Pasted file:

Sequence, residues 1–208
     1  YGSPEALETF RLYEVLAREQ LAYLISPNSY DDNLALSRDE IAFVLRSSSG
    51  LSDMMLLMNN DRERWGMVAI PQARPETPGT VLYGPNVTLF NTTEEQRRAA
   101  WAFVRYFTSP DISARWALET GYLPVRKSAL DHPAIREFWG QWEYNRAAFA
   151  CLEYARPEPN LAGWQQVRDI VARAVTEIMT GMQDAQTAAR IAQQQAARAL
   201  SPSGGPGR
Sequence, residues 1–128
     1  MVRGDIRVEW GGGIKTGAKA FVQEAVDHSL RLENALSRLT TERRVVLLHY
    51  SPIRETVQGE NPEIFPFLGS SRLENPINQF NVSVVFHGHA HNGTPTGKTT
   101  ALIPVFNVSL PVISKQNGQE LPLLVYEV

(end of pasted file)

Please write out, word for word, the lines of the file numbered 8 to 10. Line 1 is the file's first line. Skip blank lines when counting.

     1  MVRGDIRVEW GGGIKTGAKA FVQEAVDHSL RLENALSRLT TERRVVLLHY
    51  SPIRETVQGE NPEIFPFLGS SRLENPINQF NVSVVFHGHA HNGTPTGKTT
   101  ALIPVFNVSL PVISKQNGQE LPLLVYEV